1. Introduction Uranium ore leaching process exemplifies the successful application of hydrometallurgical process for the uranium recovery, especially when treating with high grade ores. In lean grade uranium leaching process, conventional ore dressing technique have not been successful in achieving preconcentration of the uranium minerals [1]. A major problem in these existing hydrometallurgical leaching operations is the relatively long contact time required for the solubilization of metals from the ore materials. The mining industries are constantly seeking new and practical technologies to treat low grade ores to increase the profitability. Bioleaching is one of the biggest processes in use in the mining industry [2,3]. It involves the acid producing bacteria which are used for the solubilization of ores to recover valuable metals. Bioleaching provides possibility of metal recovery from low grade ores, however major challenge is to find a suitable match between an ore body and bioleaching technology, i.e., appropriate micro-organisms [4]. Inspite of slow recovery rates of the process, this technology is attractive as it is not energy intensive. Among various physical methods for speeding up the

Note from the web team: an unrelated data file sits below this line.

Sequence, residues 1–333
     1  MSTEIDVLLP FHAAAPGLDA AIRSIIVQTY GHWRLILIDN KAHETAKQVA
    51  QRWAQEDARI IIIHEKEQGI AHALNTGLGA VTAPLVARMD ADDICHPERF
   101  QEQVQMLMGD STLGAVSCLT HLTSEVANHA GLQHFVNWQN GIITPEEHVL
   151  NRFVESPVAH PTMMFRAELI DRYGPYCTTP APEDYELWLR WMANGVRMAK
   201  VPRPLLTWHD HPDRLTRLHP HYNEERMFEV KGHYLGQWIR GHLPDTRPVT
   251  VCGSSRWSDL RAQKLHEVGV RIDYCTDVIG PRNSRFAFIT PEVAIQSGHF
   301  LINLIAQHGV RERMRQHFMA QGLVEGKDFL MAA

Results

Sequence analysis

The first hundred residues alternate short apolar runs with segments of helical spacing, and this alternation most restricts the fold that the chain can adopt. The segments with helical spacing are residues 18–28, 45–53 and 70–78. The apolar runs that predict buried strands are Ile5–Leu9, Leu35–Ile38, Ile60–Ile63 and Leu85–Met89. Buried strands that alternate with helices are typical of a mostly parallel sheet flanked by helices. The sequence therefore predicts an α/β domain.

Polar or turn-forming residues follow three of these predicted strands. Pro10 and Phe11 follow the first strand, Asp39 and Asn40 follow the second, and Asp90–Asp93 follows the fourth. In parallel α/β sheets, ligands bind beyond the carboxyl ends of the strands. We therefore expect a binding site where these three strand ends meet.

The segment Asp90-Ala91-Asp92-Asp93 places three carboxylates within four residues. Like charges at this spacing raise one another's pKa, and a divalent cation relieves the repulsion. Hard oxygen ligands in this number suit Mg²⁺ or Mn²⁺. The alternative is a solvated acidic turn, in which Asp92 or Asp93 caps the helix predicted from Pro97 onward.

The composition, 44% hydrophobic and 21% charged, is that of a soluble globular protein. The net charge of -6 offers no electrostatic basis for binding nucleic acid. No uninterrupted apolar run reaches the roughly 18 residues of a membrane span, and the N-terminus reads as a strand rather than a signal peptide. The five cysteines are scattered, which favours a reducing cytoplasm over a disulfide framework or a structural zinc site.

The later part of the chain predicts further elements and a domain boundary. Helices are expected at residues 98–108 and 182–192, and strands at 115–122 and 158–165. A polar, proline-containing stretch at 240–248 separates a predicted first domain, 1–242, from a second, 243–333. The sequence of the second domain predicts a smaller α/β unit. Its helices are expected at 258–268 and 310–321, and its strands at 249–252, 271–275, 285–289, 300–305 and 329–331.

Corresponding author. Tel.: +91 22 4145616; fax: +91 22 4145614. E-mail address: abp@udct.org (A.B. Pandit).